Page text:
When these principles are applied to the case at bar, the evidence shows that before running from the vehicle, defendant retrieved a bag from the seat. As he chased defendant, Officer Tyler saw a similar bag on the ground. He also observed defendant drop a small black object to the ground. Defendant disappeared temporarily from Officer Tyler's view after defendant rounded the corner of the church. When Officer Tyler next saw him, defendant had stopped and turned to face Officer Tyler with his arms and hands up. Officer Tyler found a black magazine in the area where he saw defendant drop the dark object. The magazine was dry although the surrounding pavement was wet. Likewise, the light- colored bag and the gun found on top of the house neighboring the church were less wet than their surroundings, thereby indicating they had been recently deposited. The single bullet in the gun was of the same caliber, make, color and type as the bullets found in the magazine. A reasonable deduction may be reached from theforegoing facts and circumstances that defendant had the bag, magazine and handgun in his possession and that he discarded each item as he fled from Officer Tyler. The court therefore properly submitted the issue to the jury.
     Defendant next contends that the court erred by allowing Officer Tyler to testify that the bullets in the magazine and gun were .45 caliber bullets and that the bullet jackets were unusual because they were solid gold instead of copper or silver in color. He argues Officer Tyler was not qualified as an expert to give this testimony.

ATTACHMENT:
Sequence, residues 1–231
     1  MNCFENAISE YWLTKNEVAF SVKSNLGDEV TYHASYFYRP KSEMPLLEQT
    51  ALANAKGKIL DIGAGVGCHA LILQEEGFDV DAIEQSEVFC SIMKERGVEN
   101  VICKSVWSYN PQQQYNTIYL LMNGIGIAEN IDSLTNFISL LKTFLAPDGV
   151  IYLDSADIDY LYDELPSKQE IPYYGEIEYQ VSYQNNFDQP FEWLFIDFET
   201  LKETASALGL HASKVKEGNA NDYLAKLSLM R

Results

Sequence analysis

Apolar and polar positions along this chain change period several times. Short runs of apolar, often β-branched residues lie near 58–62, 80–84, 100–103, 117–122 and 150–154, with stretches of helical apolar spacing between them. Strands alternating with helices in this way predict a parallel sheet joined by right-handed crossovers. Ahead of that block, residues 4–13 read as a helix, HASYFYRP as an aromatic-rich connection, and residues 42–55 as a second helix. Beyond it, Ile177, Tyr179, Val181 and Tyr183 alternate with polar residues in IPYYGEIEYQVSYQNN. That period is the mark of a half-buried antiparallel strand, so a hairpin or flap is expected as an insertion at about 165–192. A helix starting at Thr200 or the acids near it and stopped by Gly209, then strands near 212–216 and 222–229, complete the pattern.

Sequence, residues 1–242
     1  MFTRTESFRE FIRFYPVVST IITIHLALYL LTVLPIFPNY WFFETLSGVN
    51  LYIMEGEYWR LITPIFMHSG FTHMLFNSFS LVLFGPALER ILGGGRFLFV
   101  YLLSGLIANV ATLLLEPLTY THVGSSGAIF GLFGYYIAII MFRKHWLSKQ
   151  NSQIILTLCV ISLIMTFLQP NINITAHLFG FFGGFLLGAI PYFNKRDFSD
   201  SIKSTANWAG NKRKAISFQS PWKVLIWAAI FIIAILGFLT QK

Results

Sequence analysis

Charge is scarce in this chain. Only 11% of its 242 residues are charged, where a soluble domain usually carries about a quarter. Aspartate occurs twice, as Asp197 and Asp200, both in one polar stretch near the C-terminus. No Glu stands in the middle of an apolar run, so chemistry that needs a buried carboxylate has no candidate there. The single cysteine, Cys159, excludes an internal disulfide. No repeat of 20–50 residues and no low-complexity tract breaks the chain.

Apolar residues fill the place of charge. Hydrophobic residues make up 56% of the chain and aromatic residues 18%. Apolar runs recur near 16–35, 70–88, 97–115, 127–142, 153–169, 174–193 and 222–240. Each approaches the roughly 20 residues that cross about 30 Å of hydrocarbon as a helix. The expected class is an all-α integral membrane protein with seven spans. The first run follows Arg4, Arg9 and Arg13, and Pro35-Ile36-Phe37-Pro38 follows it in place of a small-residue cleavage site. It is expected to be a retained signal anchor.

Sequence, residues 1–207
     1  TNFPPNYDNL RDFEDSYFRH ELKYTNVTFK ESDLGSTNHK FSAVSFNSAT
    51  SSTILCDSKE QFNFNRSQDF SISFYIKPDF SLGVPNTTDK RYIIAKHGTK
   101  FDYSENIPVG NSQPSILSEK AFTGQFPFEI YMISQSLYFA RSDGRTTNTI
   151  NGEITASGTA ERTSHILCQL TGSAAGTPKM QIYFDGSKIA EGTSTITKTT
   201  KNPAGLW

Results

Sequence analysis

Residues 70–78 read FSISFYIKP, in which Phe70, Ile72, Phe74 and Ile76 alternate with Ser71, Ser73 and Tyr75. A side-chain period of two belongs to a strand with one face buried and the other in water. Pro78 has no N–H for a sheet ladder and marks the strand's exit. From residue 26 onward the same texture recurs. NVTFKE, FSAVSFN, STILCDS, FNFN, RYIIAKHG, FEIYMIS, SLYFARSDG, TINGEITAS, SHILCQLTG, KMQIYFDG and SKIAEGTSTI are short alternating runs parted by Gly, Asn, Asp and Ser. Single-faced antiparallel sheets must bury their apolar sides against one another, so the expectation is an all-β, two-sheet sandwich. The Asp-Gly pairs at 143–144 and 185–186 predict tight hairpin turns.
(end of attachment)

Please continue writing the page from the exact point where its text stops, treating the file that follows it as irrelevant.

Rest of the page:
Lay testimony may be given in the form of an opinion if the testimony is rationally based upon the perception of the witness and is helpful to an understanding of the matter. N.C. Gen. Stat. § 8C-1, Rule 701 (2001). For instance, the conclusion drawn by a lay witness based upon a mere visual comparison may be the appropriate subject of lay opinion testimony. State v. Mewborn, 131 N.C. App. 495, 499, 507 S.E.2d 906, 910 (1998). Here, whether the bullets were the same caliber and color is a determination that could be made by mere visual observation. In addition, Officer Tyler could testify, based upon his training and experience as a police officer, that gold bullets are unusual.